Choosing plants for your garden, whether it is new, established or simply in need of a gap filling, is like stepping into a wonderland of shape, color and scent with so much available to the modern gardener thanks to online plant stores. It is easy to get sidetracked with flowering shrubs and fruiting trees, seeking out things that will compliment other plantings and finding that special something that will fit perfectly in amongst the other greenery, but do not forget those specimen plants. These are trees and shrubs that don’t need to sit alongside others; they are simply too special to be partially hidden in borders and beds. These are plants that deserve a place of their own, a position where they can be truly appreciated for their uniqueness; somewhere you can fully appreciate every twist and turn, leaf and branch. The weeping Serbian spruce has to be one of the greatest examples of this with its truly remarkable and unpredictable form. This is a tree that screams ‘I’m alive’ with its cascading foliage and characterful nature. Not easy to come across and well worth the extra it will cost you as you won’t regret it.
There are many varieties and cultivars of spruce available and there is something out there for every garden. Native to a very small area of eastern Bosnia and Herzegovina, these trees can now be found all over the world with the U.S and Europe being great fans of their texture and form in all sizes. They are easy to grow and care for and often display interesting cones that can persist year round. The needles are densely packed and dark blue green on top and a silvery white-green on the underside, the unruly nature of the drooping branches on this variety gives exposure to both sides adding year round interest of extremely high quality. This particular spruce displays small purple cones that are highly decorative and are persistent on the tree so do not create a great deal of litter.
In botanical terms you might hear the weeping Serbian spruce referred to as ‘unstable’, but this is not as derogatory as it sounds; in fact it is not derogatory at all! Visit any gardener’s forum and politely announce that you have found one of these for sale and are considering purchasing it and you will be overwhelmed with friendly envy. The use of ‘unstable’ in this context means that if left to its own devices, there is no telling what final shape you might see. It might be bolt upright or it might twist and turn, sending out a branch at an angle that allows the lovely needled stems to fall towards the ground. Of course if it is an upright form that you desire this is also easily achieved – just stake the central and strongest stem upwards and the tree will oblige. These are highly desirable and sought after trees and we can only hope that if you are reading this, we have some left for you!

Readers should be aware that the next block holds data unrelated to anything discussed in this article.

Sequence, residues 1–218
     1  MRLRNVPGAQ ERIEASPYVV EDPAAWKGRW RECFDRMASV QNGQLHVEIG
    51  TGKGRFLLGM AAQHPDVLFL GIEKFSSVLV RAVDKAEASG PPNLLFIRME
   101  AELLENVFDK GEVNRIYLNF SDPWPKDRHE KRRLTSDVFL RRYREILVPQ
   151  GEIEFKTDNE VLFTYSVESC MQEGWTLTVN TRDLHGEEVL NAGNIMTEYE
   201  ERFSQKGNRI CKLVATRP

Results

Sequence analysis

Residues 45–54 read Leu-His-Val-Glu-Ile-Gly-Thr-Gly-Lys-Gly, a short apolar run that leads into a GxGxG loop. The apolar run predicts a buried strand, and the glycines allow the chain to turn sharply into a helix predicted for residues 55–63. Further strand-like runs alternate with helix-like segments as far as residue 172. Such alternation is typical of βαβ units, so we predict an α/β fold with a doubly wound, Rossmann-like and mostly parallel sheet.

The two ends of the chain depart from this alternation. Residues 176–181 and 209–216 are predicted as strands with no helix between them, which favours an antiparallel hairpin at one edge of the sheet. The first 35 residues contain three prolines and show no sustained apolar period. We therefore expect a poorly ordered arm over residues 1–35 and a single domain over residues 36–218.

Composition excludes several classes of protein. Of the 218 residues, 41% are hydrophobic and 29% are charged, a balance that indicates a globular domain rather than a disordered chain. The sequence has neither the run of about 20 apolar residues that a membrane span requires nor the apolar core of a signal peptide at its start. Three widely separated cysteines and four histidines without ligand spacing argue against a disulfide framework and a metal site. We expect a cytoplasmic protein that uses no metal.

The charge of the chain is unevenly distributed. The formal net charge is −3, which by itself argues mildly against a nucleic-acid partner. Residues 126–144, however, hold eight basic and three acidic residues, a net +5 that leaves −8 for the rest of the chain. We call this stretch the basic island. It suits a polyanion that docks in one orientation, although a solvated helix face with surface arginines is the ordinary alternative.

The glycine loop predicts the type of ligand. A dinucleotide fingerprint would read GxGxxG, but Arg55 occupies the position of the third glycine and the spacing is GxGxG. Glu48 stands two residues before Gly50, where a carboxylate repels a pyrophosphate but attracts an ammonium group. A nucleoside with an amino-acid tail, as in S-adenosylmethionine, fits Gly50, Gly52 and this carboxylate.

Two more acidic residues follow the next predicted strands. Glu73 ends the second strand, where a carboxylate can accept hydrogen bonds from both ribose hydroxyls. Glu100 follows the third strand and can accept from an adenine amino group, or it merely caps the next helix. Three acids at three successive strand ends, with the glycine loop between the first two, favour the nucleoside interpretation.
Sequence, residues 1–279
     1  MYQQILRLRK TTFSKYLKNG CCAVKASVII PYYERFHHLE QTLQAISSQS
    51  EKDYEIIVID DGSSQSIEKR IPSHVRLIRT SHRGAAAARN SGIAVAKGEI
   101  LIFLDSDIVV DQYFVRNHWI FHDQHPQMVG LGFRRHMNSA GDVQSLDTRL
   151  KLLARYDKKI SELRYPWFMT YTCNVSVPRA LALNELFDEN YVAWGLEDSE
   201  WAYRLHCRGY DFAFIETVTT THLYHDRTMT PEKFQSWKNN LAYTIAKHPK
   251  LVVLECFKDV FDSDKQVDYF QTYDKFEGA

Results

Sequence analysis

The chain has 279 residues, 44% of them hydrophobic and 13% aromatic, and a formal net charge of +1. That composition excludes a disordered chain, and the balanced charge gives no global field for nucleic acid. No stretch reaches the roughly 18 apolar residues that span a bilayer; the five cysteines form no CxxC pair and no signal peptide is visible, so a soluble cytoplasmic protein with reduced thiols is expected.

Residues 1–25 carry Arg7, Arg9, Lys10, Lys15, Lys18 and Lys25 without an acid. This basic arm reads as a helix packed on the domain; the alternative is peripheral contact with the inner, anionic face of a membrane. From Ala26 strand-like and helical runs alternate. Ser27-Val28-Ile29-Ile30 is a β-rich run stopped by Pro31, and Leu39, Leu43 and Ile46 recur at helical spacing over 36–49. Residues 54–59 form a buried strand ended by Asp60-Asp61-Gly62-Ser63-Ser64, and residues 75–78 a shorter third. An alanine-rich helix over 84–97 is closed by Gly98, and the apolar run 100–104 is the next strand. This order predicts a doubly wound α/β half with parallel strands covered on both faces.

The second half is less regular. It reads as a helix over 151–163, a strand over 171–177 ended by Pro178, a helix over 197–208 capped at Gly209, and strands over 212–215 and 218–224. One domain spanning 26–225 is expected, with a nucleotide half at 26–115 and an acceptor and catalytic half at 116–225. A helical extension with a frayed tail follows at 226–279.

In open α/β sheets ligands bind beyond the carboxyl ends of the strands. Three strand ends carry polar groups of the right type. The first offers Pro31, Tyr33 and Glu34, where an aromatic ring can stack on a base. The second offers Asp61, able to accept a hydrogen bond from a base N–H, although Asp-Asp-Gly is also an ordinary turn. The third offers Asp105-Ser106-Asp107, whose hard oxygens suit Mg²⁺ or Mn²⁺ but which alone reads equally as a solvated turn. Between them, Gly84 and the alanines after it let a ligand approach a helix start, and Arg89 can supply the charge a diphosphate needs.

There are things to be considered when choosing a position for your new weeping Serbian spruce and sunlight is of the utmost importance. Although it will survive in partial shade uneven light can lead to browning of the needles in places, so it is recommended that a full sunny spot is chosen; look for somewhere that allows a minimum of six hours a day but ideally eight. It is an adaptable plant but does prefer well drained soils, so extremely heavy clay soil could present problems in not allowing the water to drain away quickly enough. Watering is important but it is best that the water is able to drain before the next session, leaving the soil almost dry in the meantime. Once established, this is a fairly drought tolerant plant and does not need regular watering.
It does prefer acidic soil and will tolerate lightly acidic and neutral, however it does not like pollution so planting in high density urban environments is likely to displease the spruce greatly and so is best avoided.
This is a stand-alone plant, so do not be tempted to group them or cluster a number together. It is best appreciated in an outstanding position – which can also be exposed to the elements – so that its unusual and fun form can be appreciated as it grows, wending its way upwards. If you are a fan of funky foliage, and fancy a tree that might invoke images of the travels of hobbits and wizards, then this is certainly the tree for you. If you are not taken by that sort of frivolity, however, this tree probably still is for you as with little effort it can be convinced to grow nice and straight with its wonderful hanging branches sweeping down the tree to eventually splay against the ground at its feet. Wonderful.